Gin said someone told her you could buy cigarettes cheap in firehalls. They don’t pay the tax, or something, she said. So we set out walking on a fine, sunny afternoon, from her Montcalm Street flat, looking for a firehall. A block or two away a big red fire engine gleamed through a wide open doorway, a couple of the firemen lounging around reading magazines or polishing up the firetruck chrome. These were some bored firemen, I thought.
It felt kind of funny walking into the place and I’d have never done it alone, I’m sure. I was young enough then so that it hadn’t been so long ago that we read about firehalls in our schoolbooks and the thing I remembered from those stories was how all the firemen slept in a big room at the top of the hall and when the bells went off they’d slide down a shiny brass pole and be off to fight a fire somewhere. Sure enough, there beside the engine was the pole going straight up through a big hole in the ceiling.
The thing I learned that day was that firemen do get bored as they don’t have many fires to fight all day and no one seems to show up at the firehall for visits. They were certainly happy to see us and took us on a tour. One guy explained how they knew where the fires were from an electronic board on the wall that lit up in certain ways depending on which firealarm got pulled. When someone phoned in with a fire to fight they got the exact address.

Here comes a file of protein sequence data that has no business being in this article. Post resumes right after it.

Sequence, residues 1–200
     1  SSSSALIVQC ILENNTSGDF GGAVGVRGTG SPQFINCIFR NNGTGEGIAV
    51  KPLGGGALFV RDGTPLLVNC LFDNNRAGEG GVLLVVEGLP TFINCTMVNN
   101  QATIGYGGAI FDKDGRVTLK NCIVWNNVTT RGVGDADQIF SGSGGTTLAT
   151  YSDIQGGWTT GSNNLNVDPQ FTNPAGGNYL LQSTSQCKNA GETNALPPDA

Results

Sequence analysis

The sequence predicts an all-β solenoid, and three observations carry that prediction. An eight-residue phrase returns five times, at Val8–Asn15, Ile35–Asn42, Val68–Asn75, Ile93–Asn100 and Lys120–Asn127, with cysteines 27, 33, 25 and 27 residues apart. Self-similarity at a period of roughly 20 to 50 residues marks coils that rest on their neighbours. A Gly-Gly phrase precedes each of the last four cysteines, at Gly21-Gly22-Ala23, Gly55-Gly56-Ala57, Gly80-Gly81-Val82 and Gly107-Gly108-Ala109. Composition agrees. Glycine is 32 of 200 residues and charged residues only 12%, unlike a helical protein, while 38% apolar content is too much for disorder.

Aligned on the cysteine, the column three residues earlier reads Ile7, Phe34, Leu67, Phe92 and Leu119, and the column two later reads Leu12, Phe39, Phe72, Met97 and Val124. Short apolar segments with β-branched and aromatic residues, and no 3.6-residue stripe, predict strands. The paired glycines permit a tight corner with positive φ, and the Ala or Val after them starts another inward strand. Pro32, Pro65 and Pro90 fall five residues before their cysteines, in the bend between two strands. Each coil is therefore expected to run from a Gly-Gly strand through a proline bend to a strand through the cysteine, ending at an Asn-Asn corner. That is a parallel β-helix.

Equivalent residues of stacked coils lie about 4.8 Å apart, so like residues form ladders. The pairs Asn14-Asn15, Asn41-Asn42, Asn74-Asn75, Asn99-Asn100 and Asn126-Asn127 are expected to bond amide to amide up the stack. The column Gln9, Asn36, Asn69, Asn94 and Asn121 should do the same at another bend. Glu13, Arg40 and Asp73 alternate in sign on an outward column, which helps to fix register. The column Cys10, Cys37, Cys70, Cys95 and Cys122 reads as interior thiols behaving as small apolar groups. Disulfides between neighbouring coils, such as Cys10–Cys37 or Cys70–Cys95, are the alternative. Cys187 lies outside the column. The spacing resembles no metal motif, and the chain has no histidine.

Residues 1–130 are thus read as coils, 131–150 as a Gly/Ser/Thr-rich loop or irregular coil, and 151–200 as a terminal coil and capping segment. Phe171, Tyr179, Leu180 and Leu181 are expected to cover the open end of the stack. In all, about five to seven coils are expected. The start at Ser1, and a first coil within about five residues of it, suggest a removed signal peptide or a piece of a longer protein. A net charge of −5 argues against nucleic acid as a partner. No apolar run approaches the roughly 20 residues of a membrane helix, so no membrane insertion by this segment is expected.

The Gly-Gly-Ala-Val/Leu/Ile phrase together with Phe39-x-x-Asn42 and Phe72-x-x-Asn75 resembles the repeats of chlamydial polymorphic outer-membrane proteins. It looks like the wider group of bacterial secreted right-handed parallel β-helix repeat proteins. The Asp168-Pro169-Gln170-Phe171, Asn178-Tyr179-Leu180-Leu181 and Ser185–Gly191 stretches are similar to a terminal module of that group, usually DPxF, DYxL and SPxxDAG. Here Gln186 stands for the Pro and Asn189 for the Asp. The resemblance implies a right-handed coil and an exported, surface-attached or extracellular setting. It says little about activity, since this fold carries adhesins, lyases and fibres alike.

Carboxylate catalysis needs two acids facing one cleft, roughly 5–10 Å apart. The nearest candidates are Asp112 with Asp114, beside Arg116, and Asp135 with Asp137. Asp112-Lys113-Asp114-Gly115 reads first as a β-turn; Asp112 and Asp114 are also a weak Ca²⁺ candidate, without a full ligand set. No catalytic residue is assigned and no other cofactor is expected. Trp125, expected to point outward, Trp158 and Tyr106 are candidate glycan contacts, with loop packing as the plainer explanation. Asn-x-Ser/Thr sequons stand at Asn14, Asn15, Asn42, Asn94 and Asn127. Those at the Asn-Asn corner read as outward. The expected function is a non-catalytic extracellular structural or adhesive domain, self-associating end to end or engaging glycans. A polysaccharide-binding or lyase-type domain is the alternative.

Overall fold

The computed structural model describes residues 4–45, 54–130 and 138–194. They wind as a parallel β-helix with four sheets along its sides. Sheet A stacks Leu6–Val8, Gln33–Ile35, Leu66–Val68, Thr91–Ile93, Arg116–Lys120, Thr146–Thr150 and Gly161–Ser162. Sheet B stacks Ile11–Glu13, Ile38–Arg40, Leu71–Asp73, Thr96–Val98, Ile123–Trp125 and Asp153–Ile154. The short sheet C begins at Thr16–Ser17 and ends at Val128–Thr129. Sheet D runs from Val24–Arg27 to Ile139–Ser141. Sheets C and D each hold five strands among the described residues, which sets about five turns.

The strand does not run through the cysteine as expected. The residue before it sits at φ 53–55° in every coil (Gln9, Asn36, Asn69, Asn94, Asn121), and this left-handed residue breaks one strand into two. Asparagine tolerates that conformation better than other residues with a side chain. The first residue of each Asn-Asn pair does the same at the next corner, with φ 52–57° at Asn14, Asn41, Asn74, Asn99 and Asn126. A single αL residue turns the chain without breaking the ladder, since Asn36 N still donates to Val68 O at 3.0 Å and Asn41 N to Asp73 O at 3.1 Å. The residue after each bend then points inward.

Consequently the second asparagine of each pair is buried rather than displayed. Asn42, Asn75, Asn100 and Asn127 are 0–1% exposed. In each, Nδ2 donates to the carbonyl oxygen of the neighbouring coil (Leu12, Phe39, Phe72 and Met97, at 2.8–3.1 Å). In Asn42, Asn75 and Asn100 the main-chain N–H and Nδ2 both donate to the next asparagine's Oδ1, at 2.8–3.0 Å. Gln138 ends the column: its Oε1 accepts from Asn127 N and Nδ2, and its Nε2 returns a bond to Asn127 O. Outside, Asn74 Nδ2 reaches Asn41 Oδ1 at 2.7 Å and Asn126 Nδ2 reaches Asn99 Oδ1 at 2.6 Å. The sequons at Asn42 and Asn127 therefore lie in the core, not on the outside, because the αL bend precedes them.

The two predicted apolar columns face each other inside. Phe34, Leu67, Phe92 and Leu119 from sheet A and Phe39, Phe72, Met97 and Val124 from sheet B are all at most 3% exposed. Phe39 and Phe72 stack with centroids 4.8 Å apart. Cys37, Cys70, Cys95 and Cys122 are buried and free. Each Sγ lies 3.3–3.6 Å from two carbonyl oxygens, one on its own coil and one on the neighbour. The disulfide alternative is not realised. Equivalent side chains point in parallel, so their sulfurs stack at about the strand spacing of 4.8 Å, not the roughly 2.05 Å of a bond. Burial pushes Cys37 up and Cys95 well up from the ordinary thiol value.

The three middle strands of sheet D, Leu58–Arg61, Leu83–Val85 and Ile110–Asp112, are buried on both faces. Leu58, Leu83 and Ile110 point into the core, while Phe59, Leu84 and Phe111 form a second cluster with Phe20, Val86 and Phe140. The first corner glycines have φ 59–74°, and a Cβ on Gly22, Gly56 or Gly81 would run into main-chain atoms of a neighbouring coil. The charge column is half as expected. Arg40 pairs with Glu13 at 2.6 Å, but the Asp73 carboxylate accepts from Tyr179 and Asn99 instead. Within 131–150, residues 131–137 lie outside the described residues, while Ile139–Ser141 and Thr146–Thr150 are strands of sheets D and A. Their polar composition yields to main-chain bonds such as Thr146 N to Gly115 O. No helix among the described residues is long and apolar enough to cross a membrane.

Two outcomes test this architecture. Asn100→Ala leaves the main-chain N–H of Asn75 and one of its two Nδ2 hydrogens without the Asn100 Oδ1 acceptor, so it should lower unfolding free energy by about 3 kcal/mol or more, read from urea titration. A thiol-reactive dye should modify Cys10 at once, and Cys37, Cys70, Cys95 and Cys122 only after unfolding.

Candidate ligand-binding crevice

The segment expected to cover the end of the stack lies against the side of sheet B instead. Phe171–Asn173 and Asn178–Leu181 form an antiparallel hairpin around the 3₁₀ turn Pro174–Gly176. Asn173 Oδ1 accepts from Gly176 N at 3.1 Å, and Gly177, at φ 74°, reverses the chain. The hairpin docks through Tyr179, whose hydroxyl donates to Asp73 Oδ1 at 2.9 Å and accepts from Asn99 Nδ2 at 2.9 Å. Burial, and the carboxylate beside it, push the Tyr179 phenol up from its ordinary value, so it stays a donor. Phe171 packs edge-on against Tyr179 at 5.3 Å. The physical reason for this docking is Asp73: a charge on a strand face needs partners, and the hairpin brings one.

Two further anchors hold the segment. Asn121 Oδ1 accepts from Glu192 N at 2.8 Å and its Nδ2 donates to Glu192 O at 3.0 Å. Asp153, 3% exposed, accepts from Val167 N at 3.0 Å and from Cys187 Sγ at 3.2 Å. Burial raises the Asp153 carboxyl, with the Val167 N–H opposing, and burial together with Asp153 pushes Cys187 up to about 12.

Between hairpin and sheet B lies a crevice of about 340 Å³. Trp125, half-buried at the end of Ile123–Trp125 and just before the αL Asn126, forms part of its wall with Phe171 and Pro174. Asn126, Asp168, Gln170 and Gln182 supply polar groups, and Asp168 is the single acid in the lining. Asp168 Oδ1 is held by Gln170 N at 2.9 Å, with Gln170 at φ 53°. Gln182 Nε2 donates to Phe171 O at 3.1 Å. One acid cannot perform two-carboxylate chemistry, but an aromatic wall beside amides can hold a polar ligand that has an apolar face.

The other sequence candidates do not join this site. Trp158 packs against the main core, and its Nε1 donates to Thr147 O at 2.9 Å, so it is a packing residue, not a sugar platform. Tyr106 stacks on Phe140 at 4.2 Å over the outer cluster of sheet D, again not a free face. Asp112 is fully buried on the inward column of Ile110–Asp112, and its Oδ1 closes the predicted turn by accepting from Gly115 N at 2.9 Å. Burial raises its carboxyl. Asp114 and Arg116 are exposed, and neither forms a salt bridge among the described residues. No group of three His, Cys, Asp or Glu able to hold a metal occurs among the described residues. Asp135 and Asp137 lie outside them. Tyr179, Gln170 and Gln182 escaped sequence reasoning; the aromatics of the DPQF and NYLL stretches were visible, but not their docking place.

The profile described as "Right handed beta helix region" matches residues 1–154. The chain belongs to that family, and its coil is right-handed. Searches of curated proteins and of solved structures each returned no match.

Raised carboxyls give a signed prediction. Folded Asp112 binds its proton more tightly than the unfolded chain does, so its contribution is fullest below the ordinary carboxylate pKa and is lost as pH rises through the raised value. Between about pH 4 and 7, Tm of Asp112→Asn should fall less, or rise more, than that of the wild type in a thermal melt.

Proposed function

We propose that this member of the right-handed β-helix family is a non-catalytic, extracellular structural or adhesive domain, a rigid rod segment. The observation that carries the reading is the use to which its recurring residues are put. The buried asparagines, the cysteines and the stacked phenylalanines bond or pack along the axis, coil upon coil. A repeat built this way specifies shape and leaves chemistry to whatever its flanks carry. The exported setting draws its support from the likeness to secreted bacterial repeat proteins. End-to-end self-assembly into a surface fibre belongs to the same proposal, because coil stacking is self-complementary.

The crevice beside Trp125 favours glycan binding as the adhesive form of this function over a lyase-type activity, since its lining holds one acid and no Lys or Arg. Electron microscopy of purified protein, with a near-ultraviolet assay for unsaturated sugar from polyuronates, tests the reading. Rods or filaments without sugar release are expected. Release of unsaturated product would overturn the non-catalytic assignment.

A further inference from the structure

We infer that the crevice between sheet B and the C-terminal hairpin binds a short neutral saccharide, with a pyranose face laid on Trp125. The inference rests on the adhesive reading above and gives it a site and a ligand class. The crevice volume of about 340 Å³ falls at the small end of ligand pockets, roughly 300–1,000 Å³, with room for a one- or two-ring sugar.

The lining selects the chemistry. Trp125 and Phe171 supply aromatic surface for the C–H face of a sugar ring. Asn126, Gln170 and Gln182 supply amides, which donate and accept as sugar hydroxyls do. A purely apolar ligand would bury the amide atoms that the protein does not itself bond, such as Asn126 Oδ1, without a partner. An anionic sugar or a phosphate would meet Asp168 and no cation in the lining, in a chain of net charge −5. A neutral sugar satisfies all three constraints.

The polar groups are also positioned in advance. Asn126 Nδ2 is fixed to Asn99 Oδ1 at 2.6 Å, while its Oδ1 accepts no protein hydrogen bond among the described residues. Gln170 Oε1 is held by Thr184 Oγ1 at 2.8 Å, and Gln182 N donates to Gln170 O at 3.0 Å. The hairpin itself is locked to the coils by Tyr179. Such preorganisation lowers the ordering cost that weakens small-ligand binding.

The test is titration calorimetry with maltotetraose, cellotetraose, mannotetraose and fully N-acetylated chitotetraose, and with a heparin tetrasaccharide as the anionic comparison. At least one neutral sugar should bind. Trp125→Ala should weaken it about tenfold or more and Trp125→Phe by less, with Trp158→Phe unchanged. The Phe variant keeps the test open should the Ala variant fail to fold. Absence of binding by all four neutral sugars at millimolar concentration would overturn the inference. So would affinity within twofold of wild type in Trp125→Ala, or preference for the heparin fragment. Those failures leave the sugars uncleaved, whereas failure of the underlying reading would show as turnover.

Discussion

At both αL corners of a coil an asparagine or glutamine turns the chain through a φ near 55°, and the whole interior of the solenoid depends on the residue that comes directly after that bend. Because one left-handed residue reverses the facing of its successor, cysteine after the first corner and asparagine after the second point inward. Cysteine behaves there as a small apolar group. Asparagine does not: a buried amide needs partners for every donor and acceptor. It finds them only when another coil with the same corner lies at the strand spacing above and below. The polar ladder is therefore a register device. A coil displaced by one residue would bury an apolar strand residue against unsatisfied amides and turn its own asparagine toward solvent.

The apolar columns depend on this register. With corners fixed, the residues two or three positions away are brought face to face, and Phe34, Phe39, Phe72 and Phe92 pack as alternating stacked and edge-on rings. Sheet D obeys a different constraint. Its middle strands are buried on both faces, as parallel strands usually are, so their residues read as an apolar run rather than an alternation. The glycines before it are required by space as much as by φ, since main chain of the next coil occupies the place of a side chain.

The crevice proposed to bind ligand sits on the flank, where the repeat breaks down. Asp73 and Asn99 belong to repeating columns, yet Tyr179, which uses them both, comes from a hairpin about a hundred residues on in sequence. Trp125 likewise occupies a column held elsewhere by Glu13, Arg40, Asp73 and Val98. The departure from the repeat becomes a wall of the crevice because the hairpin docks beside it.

The firemen showed us around and answered all our questions. They took us up to their sleeping quarters where we saw the big hole in the floor with the brass pole through it. We got introduced around to all the guys. Some were playing cards. Others either read books or just sat around chewing the fat. When there was nothing left to see and we had no more questions to ask about firehalls we asked about the cigarettes.
“No, we don’t have any cheap cigarettes.”
I’d met Gin about a month earlier at The Penthouse where I was setting up some lightshow stuff. Billy Georgette was playing piano in a band there that also included Ron Proby on trumpet, Brian Barley on tenor, and Blaine Wikjord on drums. Billy had the idea for the lights and dragged me up there and introduced me to the owner and we made some kind of deal. I never got any money out of it but I got to buy some nifty stuff and I had some fun for a couple of weeks.
Gin was having a drink at the bar and we got into a conversation. She was very beautiful – I was extremely attracted to her. I soon found out though that she was living with Spider, over on Montcalm Street. I knew Spider, but this was the first time I laid eyes on Gin. We all became friends.
The rest of the story is short and tragic. Spider and Gin came out to Vancouver when I was there and we spent a little time together, the three of us. They’d had a little baby boy by then who they named Wu Wang, after the twenty-fifth hexagram of the I Ching (Innocence – The Unexpected) I forget Spider’s real name but his last name was Thomas. I thought Wu Wang Thomas was a pretty cool name. Gin’s name turned out to be Virginia. Regardless, things went badly for them. I don’t know what or how but it seems Spider must have been pretty fucked up. Gin came to me several times for comfort, for understanding, and for sex. After a little of each I felt I had to turn her away. She was a married woman, and a mother.
When I next saw her I was with Judy in Stanley Park, nearly twenty years later. There was Gin sitting on a blanket beautiful as ever and pregnant. She had a new man, a juggler who gave me his business card.
Later Judy told me that Spider had killed Wu Wang their son, many years earlier.